A Brief Legislative History of the LGBT Rights Movement

The growth and development of the LGBT community has been marked over the years by political and legal development. The movement, which began with the Stonewall riots in 1969, has slowly taken flight.

The movement had garnered attention at the time and non-profit organizations began to arise like Lamba Legal, a non-profit organization that protects the legal rights of the LGBT community, in 1973 and Parents and Friends of Lesbians and Gays, a supportive organization, in 1982. Even with all of this change, the LGBT community suffered a set back in 1986 when the Supreme Court ruled in Bowers v. Hardwick that even in their own home, LGBT citizens did not have a constitutional right to engage in homosexual acts. The decision claiming that their constitutional right to privacy did not extend to LGBT citizens in this case was reversed in 2003.

After what seemed like progress in 1994 when homosexuality was deemed by the World Health Organization and the American Medical Organization to no longer be an illness, The Defense of Marriage Act (DOMA) was passed in 1996. DOMA stipulated that “no state, territory, or possession of the United States or Indian tribe shall be required to give effect to any marriage between persons of the same sex.” DOMA further limited the definition of “marriage” to be between a man and a woman and the definition of “spouse” to be someone of the opposite sex. In the 2013 Supreme Court case United States v. Windsor, DOMA was ruled unconstitutional.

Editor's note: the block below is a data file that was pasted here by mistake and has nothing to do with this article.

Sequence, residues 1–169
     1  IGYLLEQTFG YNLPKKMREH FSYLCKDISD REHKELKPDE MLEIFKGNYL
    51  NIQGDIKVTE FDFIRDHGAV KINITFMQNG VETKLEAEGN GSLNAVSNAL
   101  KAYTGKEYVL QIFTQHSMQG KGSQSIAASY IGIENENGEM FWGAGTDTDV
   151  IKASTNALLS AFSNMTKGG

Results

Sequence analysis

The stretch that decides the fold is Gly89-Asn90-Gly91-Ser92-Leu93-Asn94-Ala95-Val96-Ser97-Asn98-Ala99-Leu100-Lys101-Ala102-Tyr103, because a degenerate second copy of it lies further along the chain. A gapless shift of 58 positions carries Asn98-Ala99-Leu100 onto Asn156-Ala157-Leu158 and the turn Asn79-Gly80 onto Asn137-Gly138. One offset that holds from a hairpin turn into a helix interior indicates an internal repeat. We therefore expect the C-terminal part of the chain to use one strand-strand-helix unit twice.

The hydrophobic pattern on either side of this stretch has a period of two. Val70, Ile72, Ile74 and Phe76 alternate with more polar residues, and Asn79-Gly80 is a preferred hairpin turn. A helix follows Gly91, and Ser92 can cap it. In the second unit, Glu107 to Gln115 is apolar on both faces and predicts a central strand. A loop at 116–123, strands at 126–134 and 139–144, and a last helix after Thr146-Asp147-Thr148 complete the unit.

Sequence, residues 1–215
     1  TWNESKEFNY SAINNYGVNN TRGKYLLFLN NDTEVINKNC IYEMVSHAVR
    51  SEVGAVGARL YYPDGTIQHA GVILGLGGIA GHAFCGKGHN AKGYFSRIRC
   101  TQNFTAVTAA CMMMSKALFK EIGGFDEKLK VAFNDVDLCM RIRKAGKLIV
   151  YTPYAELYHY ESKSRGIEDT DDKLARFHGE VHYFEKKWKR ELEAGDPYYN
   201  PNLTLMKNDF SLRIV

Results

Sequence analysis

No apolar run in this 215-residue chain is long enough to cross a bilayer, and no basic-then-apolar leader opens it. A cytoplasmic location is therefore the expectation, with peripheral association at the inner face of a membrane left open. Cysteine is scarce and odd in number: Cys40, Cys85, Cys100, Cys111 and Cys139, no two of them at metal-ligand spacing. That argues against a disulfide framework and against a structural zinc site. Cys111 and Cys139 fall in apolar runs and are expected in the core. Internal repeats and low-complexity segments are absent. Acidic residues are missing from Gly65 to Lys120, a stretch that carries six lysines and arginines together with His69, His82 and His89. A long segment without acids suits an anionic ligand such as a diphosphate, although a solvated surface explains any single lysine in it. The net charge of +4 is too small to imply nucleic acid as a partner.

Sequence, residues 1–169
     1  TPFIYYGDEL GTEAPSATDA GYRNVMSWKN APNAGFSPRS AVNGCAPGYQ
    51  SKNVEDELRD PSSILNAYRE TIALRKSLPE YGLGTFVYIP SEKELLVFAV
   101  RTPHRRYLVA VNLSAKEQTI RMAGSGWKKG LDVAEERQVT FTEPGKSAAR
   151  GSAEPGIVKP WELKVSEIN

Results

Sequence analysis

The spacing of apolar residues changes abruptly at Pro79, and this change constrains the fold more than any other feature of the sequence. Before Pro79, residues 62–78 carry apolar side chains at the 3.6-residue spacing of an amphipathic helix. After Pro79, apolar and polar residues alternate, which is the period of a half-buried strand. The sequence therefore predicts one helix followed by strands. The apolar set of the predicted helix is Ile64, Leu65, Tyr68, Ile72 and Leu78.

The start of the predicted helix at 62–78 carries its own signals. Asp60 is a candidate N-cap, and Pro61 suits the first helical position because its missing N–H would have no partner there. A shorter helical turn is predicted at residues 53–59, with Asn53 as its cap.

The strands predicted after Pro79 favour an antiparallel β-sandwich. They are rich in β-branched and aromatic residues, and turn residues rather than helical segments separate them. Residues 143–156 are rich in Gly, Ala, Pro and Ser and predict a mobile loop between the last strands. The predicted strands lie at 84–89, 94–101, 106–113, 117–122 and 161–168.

California was the first state in the United States to legalize gay partnership in 1999. It was also the first state to legalize gay marriage in 2008 along with Connecticut. Some states at the time allowed domestic partnerships, but these partnerships did not have all of the protections and provisions that marriage did at the time. The movement still pushed for full marital rights.

After 2010, the LGBT movement seemed to be looking up. Although former president Barrack Obama had started his presidential campaign with his support limited to civil unions, in 2013 he stated that he supported complete marital equality for LGBT couples. Just two years later, LGBT couples were granted that right. The Obergefell v. Hodges decision expanded marital rights to LGBT citizens.

Though this fight for marital equality was successful, the movement continues to challenge discriminatory legislation and practices in the hopes that the LGBT community might one day enjoy the same rights and privileges as their straight and cisgender neighbors.


Chicago-Kent College of Law at Illinois Tech. “Obergefell v. Hodges.” Oyez.
Rowan, Beth. “Important Supreme Court Decisions in Lesbian, Gay, Bisexual, and Transgender History.” Infoplease.
“LGBT Rights Milestones Fast Facts.” CNN. May 16, 2017.
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